Duvshaniot: Israeli Rosh Hashanah Honey Cookies

standard 28 28UTC agosto 28UTC 2013 4 responses
Honey Cookies
Photo by Margita Perecca.

There is a charming Rosh Hashanah tradition in Israel: Family members and friends send baskets of sweet goodies to each other, with wishes for a happy new year. One of the most ubiquitous Rosh Hashanah treats is a round cookie, flavored with honey and spices. It is called a duvshanit («small honeyed cookie»), and no gift basket is complete without it.

The Ancient Egyptians were the first known bakers of duvshaniot. They prepared honey and ginger cookies for ceremonial use. In the 11th century, the crusaders brought ginger from the Middle East to Europe. The ginger was transported encased with honey and spices, so it would not get spoiled.

Initially, only the very wealthy were able to experiment with ginger in their kitchens. Gregory of Nicopolis, an Armenian monk, brought the recipe for honey-ginger cookies to the French monasteries. In French, these cookies were called pain d’épices (spice bread). At first, these biscuits were considered medicinal, and sold as digestives in medieval pharmacies.

In the 18th Century, the cost of importing ginger decreased, making it more widely accessible. Honey-ginger cookies became traditional at the Christmas markets all over Europe, where they were called «gingerbread.»

In my family, we had never baked our own duvshaniot until this year. My mother insisted on buying the ones that she considered to be the best. They were imported from a German monastery, and called lebkuchen. This year, I decided to bake my own duvshaniot. I found a recipe in an Israeli baking blog called The Hopping Rolling Pin.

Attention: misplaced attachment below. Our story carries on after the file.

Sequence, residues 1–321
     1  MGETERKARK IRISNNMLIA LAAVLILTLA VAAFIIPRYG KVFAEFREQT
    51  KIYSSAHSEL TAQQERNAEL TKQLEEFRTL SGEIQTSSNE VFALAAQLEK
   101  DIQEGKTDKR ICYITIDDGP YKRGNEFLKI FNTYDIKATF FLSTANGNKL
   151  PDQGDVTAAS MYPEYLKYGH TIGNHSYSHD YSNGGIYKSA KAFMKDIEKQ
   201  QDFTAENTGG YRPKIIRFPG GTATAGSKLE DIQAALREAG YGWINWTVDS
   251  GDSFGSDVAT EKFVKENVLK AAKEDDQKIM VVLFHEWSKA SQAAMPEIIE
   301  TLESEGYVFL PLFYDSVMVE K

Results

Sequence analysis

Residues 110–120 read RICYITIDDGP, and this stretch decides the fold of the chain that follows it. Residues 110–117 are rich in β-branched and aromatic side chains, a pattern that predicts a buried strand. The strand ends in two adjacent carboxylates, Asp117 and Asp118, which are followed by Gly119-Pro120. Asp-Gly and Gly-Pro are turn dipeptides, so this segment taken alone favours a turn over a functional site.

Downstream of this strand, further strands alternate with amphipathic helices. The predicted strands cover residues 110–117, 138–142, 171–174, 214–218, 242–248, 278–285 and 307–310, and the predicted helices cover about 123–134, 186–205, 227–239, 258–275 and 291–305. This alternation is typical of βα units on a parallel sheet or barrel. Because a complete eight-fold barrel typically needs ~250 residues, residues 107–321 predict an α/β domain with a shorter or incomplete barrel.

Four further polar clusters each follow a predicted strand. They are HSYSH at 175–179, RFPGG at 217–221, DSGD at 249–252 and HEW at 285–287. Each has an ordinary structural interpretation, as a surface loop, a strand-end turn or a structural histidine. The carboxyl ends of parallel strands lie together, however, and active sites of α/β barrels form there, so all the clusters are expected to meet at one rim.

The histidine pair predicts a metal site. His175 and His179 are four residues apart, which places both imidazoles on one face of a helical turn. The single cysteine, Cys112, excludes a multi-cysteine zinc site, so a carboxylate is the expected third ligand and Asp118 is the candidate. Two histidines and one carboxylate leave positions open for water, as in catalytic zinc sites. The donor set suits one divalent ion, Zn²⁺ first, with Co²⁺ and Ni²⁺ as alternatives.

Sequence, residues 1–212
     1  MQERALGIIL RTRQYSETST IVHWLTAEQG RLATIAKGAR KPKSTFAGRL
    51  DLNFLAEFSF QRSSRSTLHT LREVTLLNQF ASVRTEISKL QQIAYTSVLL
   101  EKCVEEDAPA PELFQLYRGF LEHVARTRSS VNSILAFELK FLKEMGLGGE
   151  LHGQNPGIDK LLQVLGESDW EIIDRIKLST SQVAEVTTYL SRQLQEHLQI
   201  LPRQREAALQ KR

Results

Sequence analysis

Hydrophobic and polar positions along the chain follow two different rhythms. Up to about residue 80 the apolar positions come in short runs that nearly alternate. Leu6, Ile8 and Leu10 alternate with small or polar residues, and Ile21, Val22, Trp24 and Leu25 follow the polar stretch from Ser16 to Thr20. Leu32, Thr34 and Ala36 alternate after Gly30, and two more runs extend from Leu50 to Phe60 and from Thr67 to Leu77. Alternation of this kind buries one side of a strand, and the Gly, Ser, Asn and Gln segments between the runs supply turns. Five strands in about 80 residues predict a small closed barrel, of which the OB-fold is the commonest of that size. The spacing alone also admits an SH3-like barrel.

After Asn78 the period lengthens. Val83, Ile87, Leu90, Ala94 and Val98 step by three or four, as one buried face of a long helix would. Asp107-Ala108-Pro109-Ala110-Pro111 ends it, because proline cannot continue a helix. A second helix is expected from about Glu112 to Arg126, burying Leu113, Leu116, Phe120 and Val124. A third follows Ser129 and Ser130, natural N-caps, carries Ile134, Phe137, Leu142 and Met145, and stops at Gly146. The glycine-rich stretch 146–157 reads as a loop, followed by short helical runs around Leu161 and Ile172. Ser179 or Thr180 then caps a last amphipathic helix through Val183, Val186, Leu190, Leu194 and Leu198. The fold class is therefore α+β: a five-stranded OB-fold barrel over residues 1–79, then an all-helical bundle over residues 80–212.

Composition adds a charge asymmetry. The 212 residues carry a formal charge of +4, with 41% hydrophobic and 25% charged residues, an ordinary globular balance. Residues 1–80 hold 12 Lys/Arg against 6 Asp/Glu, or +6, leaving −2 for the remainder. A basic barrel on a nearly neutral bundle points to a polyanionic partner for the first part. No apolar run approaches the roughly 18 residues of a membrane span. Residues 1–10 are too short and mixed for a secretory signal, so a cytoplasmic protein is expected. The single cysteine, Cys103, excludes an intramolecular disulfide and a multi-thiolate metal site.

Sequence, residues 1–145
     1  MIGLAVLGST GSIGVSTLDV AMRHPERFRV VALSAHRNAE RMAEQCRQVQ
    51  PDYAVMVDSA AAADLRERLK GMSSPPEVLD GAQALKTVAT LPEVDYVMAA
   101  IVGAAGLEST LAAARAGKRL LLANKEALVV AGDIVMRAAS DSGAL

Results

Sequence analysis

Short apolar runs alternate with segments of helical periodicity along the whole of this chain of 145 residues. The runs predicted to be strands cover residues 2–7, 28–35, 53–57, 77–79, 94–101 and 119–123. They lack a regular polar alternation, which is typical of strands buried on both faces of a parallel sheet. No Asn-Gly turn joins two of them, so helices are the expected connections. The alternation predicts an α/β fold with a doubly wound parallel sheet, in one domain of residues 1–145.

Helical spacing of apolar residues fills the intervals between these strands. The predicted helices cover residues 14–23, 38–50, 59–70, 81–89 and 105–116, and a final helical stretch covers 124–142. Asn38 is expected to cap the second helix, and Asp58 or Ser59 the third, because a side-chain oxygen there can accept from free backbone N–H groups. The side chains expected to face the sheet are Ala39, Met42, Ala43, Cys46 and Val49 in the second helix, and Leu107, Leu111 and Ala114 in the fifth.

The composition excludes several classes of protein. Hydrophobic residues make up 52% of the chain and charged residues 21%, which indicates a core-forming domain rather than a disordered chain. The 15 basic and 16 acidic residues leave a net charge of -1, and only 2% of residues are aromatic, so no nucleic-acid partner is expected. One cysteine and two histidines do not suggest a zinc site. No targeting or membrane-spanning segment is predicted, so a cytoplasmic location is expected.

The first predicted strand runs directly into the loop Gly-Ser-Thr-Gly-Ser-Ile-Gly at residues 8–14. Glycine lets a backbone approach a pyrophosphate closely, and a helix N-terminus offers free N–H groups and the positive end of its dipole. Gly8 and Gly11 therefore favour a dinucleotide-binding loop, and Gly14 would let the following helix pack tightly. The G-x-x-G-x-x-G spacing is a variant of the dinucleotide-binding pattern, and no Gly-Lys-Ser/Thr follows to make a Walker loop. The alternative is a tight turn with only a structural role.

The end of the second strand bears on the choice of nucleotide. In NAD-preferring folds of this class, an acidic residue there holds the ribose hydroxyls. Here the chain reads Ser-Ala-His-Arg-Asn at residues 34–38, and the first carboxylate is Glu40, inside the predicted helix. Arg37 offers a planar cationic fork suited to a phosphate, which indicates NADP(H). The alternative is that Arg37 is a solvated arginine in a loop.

«The Gingerbread Baker» by Hans Buel, 1520.

  • 3 cups unbleached flour
  • 3/4 cup brown sugar
  • 1 1/4 teaspoon baking powder
  • 1 1/4 teaspoon baking soda
  • 1 teaspoon ground cinnamon
  • 1/4 teaspoon ground ginger
  • 1/4 teaspoon ground cloves
  • 2 eggs
  • 1/2 cup honey
  • 1/2 cup vegetable oil
  • Powdered sugar
  1. Mix all ingredients, except for the powdered sugar, in a bowl.
  2. Cover the bowl with plastic wrap, and refrigerate for at least one hour.
  3. Preheat the oven to 350 degrees Fahrenheit.
  4. Line a cookie sheet with parchment paper.
  5. Sprinkle some powdered sugar on a plate.
  6. Retrieve the cookie dough from the refrigerator. Pinch a walnut sized piece of dough, and roll it between your palms to make a ball.
  7. Roll the dough ball around in the powdered sugar, and place on the parchment paper. Make sure to space your cookies, as they will expand during baking.
  8. When all the cookies have been formed, bake them for about 11 minutes.

Originally published in The Philadelphia Jewish Voice

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